Surflight Theatre Puts the Super in ‘Jesus Christ Superstar’

By RICK MELLERUP | Jul 04, 2018
Courtesy of: Studio 63 Photography Owen Beans as Jesus and the ensemble.

Every Sunday morning in many Christian churches around the world, you’re likely to hear these words: “Christ has died, Christ is risen, Christ will come again.”

I was reminded of that acclamation when taking in the current Surflight production of Andrew Lloyd Webber’s and Tim Rice’s “Jesus Christ Superstar.”

Director James Alexander Bond set the show in New York City’s Bowery neighborhood in the late 1980s/early 1990s, with a wall plastered with fading handbills, most noticeably one announcing the Ramones, pinpointing the location as near the legendary punk rock club CBGB. It was an excellent choice for both practical (budgetary) and artistic reasons.

Shifting the action from first-century Jerusalem to 20th-century New York kept costume designer Stephanie Luckey from the dreary task of building or collecting an endless stream of robes and sandals. Instead she opted for contemporary, although she did maintain the convention of clothing Jesus in white and Pilate in black. Almost all of the action takes place on the streets, making the set simplicity itself. Meanwhile, the setting makes the racially mixed cast a natural fit rather than a gimmick.

Most importantly, as anybody familiar with the Bowery or the adjoining Alphabet City and Lower East Side neighborhoods of the Mayors Koch and Dinkins years can attest, that milieu would have kept Jesus plenty busy healing the blind, lame and those possessed by demons, while affording him plenty of opportunity to forgive the sins of prostitutes. And remember, just a half-century before, that area of New York was home to far more Jews than Palestine. If Christ had come again in the Lower East Side of Manhattan in most of the 20th century, he would have felt at home.

Bond’s decision gave “JCS” new life and new possibilities, and I can only say thank God for that. I turned 16 in 1971, the year the original album became a hit in the U.S. and the year the Jesus freak movement hit Vermont, so some friends played “Superstar” and “Godspell” continuously, to the point of distraction. I got Jesus Christ Superstarred out! Surflight’s “JCS” reminded me how much I had enjoyed much of its music before I was repeatedly beaten over the head with it.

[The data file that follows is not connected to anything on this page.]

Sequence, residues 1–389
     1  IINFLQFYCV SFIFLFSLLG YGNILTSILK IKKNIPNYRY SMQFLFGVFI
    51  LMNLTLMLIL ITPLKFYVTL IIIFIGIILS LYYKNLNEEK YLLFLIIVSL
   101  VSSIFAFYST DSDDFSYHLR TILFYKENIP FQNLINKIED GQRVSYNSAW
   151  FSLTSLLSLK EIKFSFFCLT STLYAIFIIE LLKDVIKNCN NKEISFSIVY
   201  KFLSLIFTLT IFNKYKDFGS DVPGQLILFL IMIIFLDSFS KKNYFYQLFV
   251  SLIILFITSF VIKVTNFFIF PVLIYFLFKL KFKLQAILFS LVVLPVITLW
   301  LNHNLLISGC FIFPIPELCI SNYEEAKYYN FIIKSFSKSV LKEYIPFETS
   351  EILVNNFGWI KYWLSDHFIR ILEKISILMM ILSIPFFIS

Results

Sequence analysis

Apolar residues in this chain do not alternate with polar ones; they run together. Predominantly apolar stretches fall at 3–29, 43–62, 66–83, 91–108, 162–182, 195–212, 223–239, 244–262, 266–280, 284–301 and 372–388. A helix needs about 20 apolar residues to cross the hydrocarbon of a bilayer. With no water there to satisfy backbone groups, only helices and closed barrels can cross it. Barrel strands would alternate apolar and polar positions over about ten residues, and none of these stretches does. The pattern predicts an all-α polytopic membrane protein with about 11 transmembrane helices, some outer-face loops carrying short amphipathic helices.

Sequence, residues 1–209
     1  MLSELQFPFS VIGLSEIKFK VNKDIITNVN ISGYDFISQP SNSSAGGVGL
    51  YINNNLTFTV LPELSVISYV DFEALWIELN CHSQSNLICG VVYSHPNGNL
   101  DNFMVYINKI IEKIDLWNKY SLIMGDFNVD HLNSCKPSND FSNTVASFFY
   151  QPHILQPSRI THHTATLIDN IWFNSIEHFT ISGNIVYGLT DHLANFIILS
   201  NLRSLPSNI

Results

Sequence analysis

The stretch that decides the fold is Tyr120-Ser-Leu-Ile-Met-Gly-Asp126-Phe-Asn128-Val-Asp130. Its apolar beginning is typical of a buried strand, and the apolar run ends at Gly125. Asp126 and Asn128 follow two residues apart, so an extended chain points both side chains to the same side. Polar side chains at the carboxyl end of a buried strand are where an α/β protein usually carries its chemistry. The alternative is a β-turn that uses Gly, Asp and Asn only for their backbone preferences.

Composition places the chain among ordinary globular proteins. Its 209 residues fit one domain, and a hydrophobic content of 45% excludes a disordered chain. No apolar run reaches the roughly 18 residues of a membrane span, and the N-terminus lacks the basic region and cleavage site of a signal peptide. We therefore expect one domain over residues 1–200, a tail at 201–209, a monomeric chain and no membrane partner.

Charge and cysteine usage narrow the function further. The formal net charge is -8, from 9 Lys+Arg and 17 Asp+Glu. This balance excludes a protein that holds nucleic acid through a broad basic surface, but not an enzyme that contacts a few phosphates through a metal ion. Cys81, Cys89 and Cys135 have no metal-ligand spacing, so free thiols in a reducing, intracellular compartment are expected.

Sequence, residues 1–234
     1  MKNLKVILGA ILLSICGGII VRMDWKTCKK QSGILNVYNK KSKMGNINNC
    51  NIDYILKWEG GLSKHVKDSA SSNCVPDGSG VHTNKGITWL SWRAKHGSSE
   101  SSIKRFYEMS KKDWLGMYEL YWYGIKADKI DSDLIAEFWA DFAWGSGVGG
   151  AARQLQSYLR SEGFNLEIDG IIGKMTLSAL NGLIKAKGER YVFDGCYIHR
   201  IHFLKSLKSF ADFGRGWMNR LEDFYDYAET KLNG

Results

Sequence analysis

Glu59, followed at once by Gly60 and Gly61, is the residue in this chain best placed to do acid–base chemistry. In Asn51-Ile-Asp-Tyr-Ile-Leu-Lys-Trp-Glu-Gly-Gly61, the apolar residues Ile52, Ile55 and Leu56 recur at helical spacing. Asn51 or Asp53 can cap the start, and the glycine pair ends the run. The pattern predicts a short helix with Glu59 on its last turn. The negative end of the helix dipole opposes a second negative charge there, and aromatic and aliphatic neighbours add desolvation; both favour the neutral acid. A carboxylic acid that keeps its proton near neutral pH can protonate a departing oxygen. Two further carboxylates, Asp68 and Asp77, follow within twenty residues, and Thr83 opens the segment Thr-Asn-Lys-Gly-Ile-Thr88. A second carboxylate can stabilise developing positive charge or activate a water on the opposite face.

“Superstar” is a rock opera, with no dialogue, so the show relies heavily on one leg, singing, of musical theater’s three-legged – singing, dancing, acting – stool. Surflight’s cast is up to the challenge. All of the lead and featured performers, including Andrew Foote as Judas, Dwan Hayes as Mary Magdalene, Steve Steiner as Caiaphas, Adrianne Hick as Annas, Ricky Pope as Herod and Andre Dion Wills as Pilate hit the right notes, with the emphasis on hit.

Wait, I haven’t mentioned Owen Beans as Jesus? That’s because he deserves special mention. The tenor can sing clearly and won immediate audience applause for his ability to hold high notes, but his forte is his controlled primal anguish, displayed wonderfully in “Gethsemane.”

The show provides limited opportunities for choreographers, but Michael A. Blackmon made the most of them in a biting “King Herod’s Song” and an athletic “Thirty-Nine Lashes.”

Back to the idea that “Superstar” is a rock opera. Webber is no Pete Townshend when it comes to writing rock music! While his ballads are beautiful, his rock is more pastiche than authentic. And when musical director Nicholas Kaminski pumped up the volume in the show’s “rockers,” Rice’s lyrics were often swallowed, my only complaint about an otherwise far-better-than-solid production.

Of course, the storyline of the show, based on the Gospels’ description of the last week of Christ’s life, didn’t change. Spoiler alert – Jesus is crucified.

Which makes sense. Webber and Rice danced around the idea that Jesus is the son of God in “Superstar” – there is no resurrection scene. Instead they basically opted for describing him as a prophet. Well, consider how we treated 20th-century prophets such as Gandhi and Martin Luther King Jr. If Jesus does again come again, there’s a good chance the story will remain the same.

“Jesus Christ Superstar” will run at Surflight through July 15. Get online and visit surflight.org for show times or to order tickets, which are $39 for adults and $29 for children 12 years of age or younger. You can also purchase tickets by calling 609-492-9477 or by visiting the box office, located at 201 Engleside Ave., Beach Haven.

rickmellerup@thesandpaper.net

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